Ineratec GmbH plans to build a pioneering power-to-liquid (PtL) plant for generating e-fuels at Industriepark Höchst. It will produce up to 2,500 tons or 4.6 million liters of INERATEC e-fuels annually from up to 8,000 tons of biogenic CO2 and renewable electricity. The pioneer plant is made up of individual, standardized modules. One of these modules is to be incorporated into the RePoSe project in order to test a volatile power supply.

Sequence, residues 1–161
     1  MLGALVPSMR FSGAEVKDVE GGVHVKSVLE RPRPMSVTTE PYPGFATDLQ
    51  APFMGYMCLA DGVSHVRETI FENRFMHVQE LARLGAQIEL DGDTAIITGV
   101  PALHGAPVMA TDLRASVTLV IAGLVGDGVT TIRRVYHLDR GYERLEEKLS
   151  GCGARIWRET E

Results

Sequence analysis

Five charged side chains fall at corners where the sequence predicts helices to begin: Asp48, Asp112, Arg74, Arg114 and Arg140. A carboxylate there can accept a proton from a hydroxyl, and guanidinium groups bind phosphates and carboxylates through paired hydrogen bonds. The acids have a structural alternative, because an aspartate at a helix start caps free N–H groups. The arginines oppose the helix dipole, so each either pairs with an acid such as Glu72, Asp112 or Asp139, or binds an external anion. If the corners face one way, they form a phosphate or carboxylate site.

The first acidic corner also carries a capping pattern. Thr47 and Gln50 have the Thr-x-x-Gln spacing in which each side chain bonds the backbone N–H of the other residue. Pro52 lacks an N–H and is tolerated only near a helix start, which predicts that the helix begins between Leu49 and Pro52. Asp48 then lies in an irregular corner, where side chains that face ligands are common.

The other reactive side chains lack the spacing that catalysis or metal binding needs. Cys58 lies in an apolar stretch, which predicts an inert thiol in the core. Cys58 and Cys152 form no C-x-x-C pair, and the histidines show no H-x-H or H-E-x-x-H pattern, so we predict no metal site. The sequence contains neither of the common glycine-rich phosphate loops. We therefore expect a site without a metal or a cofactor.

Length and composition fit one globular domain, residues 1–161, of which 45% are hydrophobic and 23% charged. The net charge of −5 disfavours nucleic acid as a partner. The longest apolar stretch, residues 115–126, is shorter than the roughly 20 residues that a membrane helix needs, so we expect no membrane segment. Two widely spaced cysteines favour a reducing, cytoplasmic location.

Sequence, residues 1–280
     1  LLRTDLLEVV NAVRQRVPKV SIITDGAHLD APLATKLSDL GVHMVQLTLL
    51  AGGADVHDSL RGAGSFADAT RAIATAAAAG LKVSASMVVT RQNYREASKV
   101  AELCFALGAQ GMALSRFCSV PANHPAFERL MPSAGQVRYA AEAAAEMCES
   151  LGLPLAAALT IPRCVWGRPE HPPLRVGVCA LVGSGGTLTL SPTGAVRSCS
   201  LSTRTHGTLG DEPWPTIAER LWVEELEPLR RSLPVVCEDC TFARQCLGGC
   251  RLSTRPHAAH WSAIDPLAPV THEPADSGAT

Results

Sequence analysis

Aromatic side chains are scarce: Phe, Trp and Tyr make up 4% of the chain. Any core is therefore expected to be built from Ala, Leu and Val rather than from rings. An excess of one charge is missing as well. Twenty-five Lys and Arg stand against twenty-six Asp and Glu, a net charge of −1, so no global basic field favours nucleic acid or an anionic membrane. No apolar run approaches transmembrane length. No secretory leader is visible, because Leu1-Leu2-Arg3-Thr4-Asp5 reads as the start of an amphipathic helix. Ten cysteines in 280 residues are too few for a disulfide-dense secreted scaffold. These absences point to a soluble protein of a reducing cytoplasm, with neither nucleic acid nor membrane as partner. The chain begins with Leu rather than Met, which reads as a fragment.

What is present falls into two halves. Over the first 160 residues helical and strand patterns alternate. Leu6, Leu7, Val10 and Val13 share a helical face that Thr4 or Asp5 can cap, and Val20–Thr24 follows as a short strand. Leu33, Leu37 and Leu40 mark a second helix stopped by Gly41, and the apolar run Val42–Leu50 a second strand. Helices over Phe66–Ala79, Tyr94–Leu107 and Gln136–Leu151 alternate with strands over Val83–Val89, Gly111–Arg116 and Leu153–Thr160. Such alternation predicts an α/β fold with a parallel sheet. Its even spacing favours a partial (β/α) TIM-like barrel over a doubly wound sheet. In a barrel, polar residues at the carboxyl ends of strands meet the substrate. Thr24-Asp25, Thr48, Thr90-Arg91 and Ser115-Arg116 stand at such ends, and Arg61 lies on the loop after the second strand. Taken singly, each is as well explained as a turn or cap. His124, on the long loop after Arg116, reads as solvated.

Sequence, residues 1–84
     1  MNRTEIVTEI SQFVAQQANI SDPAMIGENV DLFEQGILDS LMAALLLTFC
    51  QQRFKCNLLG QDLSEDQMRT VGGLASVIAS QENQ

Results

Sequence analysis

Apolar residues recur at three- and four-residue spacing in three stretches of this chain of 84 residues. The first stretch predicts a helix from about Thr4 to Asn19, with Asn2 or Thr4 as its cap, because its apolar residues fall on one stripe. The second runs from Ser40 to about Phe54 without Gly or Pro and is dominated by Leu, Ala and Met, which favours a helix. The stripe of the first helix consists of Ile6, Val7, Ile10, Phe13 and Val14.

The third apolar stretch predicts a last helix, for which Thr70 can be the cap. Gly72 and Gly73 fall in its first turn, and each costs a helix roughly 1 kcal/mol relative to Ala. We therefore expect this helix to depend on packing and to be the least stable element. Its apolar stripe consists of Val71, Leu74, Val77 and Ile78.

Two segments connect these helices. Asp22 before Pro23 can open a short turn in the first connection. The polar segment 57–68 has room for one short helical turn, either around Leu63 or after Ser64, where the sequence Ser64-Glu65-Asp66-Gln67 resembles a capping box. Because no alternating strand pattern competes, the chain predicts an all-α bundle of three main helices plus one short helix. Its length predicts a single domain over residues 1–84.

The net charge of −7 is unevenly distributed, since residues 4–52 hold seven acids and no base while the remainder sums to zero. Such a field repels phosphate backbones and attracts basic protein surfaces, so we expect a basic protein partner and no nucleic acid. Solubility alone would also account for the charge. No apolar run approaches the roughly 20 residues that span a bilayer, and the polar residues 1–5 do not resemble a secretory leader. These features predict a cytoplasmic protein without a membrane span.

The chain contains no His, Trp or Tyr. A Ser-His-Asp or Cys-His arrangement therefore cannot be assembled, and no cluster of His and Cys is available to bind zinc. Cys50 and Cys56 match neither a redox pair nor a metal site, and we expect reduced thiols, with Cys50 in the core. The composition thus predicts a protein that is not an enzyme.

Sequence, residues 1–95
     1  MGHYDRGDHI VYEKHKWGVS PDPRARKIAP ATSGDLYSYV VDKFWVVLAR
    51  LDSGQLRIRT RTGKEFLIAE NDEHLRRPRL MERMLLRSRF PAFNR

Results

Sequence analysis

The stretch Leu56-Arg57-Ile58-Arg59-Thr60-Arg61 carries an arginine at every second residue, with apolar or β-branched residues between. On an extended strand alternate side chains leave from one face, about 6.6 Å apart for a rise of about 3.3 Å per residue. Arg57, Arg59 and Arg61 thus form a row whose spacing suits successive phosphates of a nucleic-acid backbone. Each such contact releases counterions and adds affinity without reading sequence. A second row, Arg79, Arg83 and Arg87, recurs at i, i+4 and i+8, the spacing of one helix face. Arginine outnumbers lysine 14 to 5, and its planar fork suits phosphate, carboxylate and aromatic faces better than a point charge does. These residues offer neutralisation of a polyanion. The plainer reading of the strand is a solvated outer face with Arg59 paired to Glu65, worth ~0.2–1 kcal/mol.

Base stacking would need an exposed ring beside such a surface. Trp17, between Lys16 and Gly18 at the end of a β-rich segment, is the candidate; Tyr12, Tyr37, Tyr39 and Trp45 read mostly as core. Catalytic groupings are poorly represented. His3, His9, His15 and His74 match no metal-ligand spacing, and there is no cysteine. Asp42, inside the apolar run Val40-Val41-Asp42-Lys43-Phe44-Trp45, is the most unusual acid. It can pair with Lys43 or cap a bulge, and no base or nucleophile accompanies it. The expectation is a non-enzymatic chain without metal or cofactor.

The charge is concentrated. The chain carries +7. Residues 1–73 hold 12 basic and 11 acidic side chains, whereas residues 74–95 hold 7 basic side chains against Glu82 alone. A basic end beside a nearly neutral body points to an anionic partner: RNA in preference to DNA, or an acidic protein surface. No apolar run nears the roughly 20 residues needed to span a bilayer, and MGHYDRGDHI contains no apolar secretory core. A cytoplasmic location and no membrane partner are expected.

Provadis School of International Management & Technology AG will perform a life cycle analysis as part of the RePoSe research project. This will quantify the environmental impacts, such as the CO2 footprint and the use of resources, in detail and in relation to each process step. This makes it possible to identify at an early stage which process steps have a high environmental impact so that measures can be taken to reduce them. In addition, it can be deduced whether there are ecological advantages compared to continuous processes.

Contact person

Dr. Alexander Zschocke

Dr. Alexander Zschocke

Senior Manager Power-to-Liquid


Kompetenzzentrum Klima- und Lärmschutz im Luftverkehr

+49 175 5843268